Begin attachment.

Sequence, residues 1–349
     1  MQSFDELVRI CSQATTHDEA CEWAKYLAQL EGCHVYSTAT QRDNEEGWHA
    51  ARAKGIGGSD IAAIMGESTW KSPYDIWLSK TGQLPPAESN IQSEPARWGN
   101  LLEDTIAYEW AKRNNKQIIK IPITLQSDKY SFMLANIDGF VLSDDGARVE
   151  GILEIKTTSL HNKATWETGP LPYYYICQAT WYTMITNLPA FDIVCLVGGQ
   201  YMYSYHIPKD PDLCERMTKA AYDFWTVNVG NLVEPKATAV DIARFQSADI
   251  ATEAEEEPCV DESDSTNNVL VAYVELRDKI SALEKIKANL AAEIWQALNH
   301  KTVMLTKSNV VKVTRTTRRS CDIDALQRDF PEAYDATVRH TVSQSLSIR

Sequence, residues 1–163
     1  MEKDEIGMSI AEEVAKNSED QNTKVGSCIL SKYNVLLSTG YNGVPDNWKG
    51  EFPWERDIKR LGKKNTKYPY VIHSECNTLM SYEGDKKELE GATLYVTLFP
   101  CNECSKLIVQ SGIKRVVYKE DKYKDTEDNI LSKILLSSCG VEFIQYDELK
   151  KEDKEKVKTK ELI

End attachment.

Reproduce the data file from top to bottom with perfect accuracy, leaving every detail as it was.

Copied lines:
Sequence, residues 1–349
     1  MQSFDELVRI CSQATTHDEA CEWAKYLAQL EGCHVYSTAT QRDNEEGWHA
    51  ARAKGIGGSD IAAIMGESTW KSPYDIWLSK TGQLPPAESN IQSEPARWGN
   101  LLEDTIAYEW AKRNNKQIIK IPITLQSDKY SFMLANIDGF VLSDDGARVE
   151  GILEIKTTSL HNKATWETGP LPYYYICQAT WYTMITNLPA FDIVCLVGGQ
   201  YMYSYHIPKD PDLCERMTKA AYDFWTVNVG NLVEPKATAV DIARFQSADI
   251  ATEAEEEPCV DESDSTNNVL VAYVELRDKI SALEKIKANL AAEIWQALNH
   301  KTVMLTKSNV VKVTRTTRRS CDIDALQRDF PEAYDATVRH TVSQSLSIR

Sequence, residues 1–163
     1  MEKDEIGMSI AEEVAKNSED QNTKVGSCIL SKYNVLLSTG YNGVPDNWKG
    51  EFPWERDIKR LGKKNTKYPY VIHSECNTLM SYEGDKKELE GATLYVTLFP
   101  CNECSKLIVQ SGIKRVVYKE DKYKDTEDNI LSKILLSSCG VEFIQYDELK
   151  KEDKEKVKTK ELI